Due to all of the media attention around the Terri Schiavo case, it seemed timely to remind people to get your has-v’halila-wishes in writing now, while you’re still fine and can make these sorts of decisions. Then distribute them liberally and discuss them with your family. This has the potential to save everyone (including loved ones trying to make “the right decision”) a lot of suffering, and to make sure your wishes are followed.
There are some Jewish forms that can help make that happen.
This one is amazing (if you have trouble with the link, go here and click on the .pdf download link for “Jewish Medical Directives for Health Care”). It lists a whole range of possible situations with which one might be faced, and a number of decisions one might be able to make about one’s care–all considered acceptable according to halakha, and when there is a difference of opinion among rabbis, it’s indicated. So you fill out the form by checking a box next to your preferred decision, and you’re left with a very detailed list of your wishes, including lots of stuff you probably wouldn’t have thought of on your own. There’s also a form in the pamphlet for Durable Power of Attorney rights–that is, the assigning of rights to a specific person to make medical decisions on your behalf if you are not able. It’s a great form even if you’re not Jewish.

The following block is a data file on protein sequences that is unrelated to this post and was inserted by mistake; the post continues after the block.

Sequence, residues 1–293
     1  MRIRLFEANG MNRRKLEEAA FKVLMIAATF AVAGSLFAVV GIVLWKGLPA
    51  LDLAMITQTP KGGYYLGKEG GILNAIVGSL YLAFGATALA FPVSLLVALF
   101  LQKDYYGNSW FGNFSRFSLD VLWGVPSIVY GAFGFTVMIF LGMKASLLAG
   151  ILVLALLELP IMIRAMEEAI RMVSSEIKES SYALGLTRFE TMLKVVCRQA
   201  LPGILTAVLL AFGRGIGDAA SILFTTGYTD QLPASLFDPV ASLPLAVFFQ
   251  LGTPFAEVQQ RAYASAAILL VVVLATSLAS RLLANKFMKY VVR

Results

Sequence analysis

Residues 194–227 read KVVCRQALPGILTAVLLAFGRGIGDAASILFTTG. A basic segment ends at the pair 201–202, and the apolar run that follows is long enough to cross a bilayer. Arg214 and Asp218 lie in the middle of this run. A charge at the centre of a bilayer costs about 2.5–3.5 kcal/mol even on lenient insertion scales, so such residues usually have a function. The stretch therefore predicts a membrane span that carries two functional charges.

Highly, highly reccomended.
(Thanks to Ruth for the bottom two links.)